Immobilized by Contention/Indecision?


Do you need to have a succession done or want to sell something that you co-own with others who do not want to budge?

SITUATION: Many clients present themselves with ancestors' successions, sometimes five or more at a time. These successions have not been done because a difficult relative stalled the entire process fifty years ago and no one had the courage to undertake the succession in the face of this adversity. Now the later generations do not have a clue whether one individual of many can initiate the successions.


The client(s) presents with ancestral succession(s) completed, but land or a home that must be sold so that the proceeds can be divided between the heirs or land that needs to be divided between the heirs so that each heir has defined acreage. By the way, often one heir often is using the land or living in the home. It will come as no surprise that this heir is the one who does not want the land to be divided or the home to be sold so that the others may receive their portions. Nor does this heir want to purchase the land or home. All of these present logical solutions to undivided co-ownership, but none of them have taken place because the occupant will not agree.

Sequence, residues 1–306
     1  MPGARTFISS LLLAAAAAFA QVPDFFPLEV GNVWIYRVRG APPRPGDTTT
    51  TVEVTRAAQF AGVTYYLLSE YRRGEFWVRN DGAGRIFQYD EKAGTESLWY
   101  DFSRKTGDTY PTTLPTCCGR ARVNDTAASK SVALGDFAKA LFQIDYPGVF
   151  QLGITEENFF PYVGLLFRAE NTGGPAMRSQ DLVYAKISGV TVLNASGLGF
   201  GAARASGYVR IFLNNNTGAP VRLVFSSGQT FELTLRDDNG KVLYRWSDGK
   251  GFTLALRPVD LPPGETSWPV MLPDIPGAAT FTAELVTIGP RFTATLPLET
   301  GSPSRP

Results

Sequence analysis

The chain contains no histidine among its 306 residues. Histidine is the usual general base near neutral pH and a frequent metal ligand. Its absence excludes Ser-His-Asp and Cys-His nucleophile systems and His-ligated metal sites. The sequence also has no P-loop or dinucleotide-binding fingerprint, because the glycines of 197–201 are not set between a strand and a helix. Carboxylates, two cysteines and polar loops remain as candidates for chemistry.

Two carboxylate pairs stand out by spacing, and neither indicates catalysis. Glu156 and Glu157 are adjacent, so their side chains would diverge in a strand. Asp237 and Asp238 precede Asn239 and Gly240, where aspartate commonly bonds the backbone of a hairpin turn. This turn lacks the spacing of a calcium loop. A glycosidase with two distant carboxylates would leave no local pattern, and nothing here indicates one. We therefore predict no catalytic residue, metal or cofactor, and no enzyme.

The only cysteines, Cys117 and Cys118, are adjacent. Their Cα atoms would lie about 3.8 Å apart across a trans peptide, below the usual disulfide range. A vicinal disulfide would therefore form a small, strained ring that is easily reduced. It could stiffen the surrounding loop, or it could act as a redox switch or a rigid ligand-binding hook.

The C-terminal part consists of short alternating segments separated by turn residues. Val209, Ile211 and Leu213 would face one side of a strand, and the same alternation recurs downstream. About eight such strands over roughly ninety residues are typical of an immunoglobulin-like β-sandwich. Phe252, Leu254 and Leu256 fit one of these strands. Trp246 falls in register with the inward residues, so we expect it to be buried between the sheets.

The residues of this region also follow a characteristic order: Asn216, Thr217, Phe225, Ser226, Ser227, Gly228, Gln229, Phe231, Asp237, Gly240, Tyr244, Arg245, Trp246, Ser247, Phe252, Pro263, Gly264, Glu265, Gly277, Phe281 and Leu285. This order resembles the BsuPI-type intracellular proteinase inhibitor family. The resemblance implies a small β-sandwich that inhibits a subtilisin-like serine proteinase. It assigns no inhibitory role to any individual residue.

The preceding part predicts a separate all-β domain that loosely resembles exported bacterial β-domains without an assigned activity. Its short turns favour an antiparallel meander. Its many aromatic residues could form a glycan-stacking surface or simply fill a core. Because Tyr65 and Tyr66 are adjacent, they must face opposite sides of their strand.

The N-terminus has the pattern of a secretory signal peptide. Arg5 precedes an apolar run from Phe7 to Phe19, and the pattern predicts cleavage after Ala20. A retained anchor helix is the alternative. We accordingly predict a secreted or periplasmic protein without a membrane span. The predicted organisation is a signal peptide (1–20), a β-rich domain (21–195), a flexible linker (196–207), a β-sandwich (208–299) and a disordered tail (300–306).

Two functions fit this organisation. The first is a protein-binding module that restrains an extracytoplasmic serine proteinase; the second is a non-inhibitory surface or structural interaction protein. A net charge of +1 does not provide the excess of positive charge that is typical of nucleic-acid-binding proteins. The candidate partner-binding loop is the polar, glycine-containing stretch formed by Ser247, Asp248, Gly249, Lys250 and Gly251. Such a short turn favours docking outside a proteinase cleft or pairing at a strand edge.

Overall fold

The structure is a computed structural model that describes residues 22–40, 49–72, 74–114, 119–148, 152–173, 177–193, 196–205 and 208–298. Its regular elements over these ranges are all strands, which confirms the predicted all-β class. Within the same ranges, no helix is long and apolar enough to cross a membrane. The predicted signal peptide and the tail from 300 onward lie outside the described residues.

FACT: If you are an heir, you are entitled to complete the succession(s) or have the undesired co-ownership* cease. You are entitled to be placed in possession of your part of the land or proceeds of the sale.

The laws of our state enable heirs or co-owners in these circumstances to achieve the opposed succession or the division of property called a partition without the consent of every party.

Especially in rural areas it is not unusual to have acreage that lies in deceased persons names through two or even three generations. It may be the grandchildren who finally cause their grandparents' and parents' successions to be done resulting in many cousins finally receiving their interest in the acreage on paper. The actual division of the property called the partition can either be included in the successions of the ancestors or by a separate document called a partition. Usually a surveyor will be employed to divide the property and provide legal descriptions for each.

If division does not occur voluntarily, a petition can be filed with the court to force the division.

* Generally, co-ownership is only obligatory when a written agreement binding one to the co-ownership has been signed or the alienation of mineral interest so dictate. This agreement cannot be more than 15 years in most instances.

Alexandria Town Talk            March 2008


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